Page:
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Brian Laude, 64

| August 12, 2022 1:00 AM

The world changed when he entered May 12, 1958, and again when he left May 30, 2022. Born in Kensington, Pa., where men are men (and so are some of the women), Brian joined a large brood. A couple of years into his life, he moved with his family to Virginia. At about 8 years old, they all moved out west to Idaho.

Being near the top of the heap of seven children (even though he liked to tell people he was the baby) was a dubious task, but he was up for the challenge. He led and tortured his siblings through a childhood of obnoxious antics, often with his brother, Marcial, as his wingman (or perhaps it was the other way around).

In a squirrel-hunting accident, brother Denny received a BB to the forehead after Brian had erroneously concluded that all the ammo had been expended. After pointing the weapon to his brow, Brian squeezed the trigger and then realized there was a squib round. The lodged BB shot out of the barrel, creating an instant blood stream down Denny’s face. In a panic and yelling, “Mom’s gonna kill me!” Brian attempted to clean him up with his own white sweatshirt. Smearing it around only made it look like a crime scene. Minio recounts this event vividly. Step by step, moment by moment, they lived through another day.

The rest of his childhood was much of the same, far too many stories to detail. He moved through elementary school, middle school and high school within the timeframe allowed. Graduating from Worley High School in 1976, he had no clear direction. There is a two-year gap between the commencement ceremony and Naval Boot Camp that no one can seem to recount. Maybe that is for the best.

His Naval career is noteworthy. It was not until a review of his DD214, that I realized he knew his shit from Shinola! He was the recipient of several awards including

• “E” Ribbon (awarded for battle efficiency)

• Navy Expedition Medal (engaging in operations against armed opposition)

• Marksman M-16 Rifle (weapons qualification)

• Sea Service deployment (four times)

• Meritorious Unit Commendation (6 months or more of outstanding service against an armed enemy)

I can only conclude that his achievements would not have been possible had his childhood escapades not laid the groundwork. Brian extended his service twice at the request of the government. Records show he was a Seabee, SW2, leaving the Navy as a Steelworker Petty Officer 2nd Class. That may have been the end of his government involvement, or not. He did become a councilman in Rockford, Wash., in 2017. Was this an innocent effort to improve the city or an undercover mission? Only on Netflix, The Untold Story of Officer O’ Malley.

Our brother was not a religious man, but on Sundays, when the Philadelphia Eagles played, you could hear him yell “Jesus Christ” at nearly every play. His Eagles jersey did not get to claim a Super Bowl win, literally ever, but it did come in handy when the vacuum stopped working. He just draped it over the handle, and it started sucking again.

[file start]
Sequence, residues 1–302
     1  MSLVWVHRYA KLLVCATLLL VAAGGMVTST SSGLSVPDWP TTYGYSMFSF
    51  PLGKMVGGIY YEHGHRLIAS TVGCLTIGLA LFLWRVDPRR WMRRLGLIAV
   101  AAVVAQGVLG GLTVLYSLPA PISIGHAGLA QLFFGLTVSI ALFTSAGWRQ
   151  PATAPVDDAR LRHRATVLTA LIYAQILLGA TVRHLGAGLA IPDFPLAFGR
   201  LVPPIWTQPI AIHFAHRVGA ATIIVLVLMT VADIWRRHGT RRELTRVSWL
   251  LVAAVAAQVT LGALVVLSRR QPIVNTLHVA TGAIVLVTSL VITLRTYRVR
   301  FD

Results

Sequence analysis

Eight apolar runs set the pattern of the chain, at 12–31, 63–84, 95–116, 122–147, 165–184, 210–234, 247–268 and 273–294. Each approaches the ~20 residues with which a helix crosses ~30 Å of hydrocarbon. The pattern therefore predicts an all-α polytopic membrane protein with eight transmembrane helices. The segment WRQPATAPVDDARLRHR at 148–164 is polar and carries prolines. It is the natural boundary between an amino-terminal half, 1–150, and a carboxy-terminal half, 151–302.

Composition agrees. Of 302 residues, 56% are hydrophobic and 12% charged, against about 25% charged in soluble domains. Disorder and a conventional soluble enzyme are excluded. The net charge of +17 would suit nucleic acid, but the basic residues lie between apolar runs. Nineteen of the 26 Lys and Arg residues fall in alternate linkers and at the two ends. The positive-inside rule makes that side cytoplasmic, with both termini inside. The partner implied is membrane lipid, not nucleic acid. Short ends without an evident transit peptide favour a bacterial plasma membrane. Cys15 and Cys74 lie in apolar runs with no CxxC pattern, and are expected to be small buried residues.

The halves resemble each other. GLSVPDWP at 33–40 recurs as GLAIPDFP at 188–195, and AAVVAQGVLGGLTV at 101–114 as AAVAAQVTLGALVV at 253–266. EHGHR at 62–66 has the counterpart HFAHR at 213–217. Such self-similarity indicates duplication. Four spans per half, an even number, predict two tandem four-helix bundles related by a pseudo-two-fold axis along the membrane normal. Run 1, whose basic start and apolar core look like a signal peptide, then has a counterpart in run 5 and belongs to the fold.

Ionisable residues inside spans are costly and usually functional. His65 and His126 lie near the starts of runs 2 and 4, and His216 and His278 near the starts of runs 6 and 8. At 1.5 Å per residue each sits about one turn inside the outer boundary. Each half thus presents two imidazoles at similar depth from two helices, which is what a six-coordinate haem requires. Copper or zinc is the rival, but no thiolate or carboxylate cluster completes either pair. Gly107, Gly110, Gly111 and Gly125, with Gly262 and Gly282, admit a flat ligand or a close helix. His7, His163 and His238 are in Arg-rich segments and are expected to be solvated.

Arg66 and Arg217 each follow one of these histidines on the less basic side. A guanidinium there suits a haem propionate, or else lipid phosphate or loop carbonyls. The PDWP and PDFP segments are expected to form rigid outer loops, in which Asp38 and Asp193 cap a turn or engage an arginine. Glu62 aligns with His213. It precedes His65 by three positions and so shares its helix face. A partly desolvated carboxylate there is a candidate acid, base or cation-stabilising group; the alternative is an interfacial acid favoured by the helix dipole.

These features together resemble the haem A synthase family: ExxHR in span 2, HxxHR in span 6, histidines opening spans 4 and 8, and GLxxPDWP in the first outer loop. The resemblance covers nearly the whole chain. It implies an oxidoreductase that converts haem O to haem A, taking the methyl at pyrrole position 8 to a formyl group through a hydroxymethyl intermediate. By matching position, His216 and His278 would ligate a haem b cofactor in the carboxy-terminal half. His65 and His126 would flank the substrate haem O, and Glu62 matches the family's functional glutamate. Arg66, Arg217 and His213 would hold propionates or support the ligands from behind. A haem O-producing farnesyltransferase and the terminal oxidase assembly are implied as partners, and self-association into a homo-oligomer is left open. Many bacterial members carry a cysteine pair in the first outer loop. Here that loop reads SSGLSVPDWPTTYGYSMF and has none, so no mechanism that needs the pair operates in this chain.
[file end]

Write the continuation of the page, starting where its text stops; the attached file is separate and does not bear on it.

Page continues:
Sobriety may not have been his strong suit, but he did excel at the following:

• Fishing — “Mine’s So Big I Have to Use Two Hands”

• Dirty jokes — “No Muff Too Tuff, We Dive at Five”

• Rolling Joints — "I Just Had a Joint … Replacement in My Hip”

• Hard work — "Shit Show Supervisor” at the Coeur d’Alene Casino for 11 years

Dare I state that I was his favorite sister, the white one, the actual baby of the family, who writes light-hearted obituaries? I think I shall. A nondenominational celebration will be held at the City Park in Rockford, Wash., with lots of laughter, stories, and drinks — just as he would have wanted it. The family requests absolutely zero privacy, none whatsoever, and in fact, encourages you to spend some government money on one of his favorite machines, Game King or Wolf Run, in his honor. If you win, it’s halfsies, family rule.

I, my siblings, his children, grandchildren, more friends than I could ever list, loved and will cherish him forever. Please think of the short, smart, funny Greek God, Dionysus, whose personality exceeded his height 10-fold, whenever you need your spirits lifted. Remember one of his jokes and LAUGH! To our parents, we did our best to take care of him and keep him out of your hair for as long as we could. Ball is in your court now.

It's hard to turn the page when you know someone will not be in the next chapter, but the story must go on. Love is how you stay alive even after you are gone. He has just moved to the neighboring room. He is who he is, we are who we are. That which we were to one another, we will always be. Call him by name. Speak to him like you have always done. Do not use a different tone, do not take that look; solemn or sad. Continue to laugh at that which made you laugh together. Pray, smile, think of him, pray for him. Let his name be pronounced at home, as it always was. Without pomposity or gloom. Life is still the same, it is what it always was. The string has not been cut. Why should he be away from your thoughts? Just because he is away from sight? He is not far, just on the other side of the road. You see, everything is fine. Wipe your tears and cry no more if you loved him.

Here is to the nights we will never remember with the man we will never forget. Rest well, until we meet again.

Brian Laude

A Celebration of Life will be held Sunday, Aug. 14, noon to 3 p.m. City Park — Rockford, Wash.

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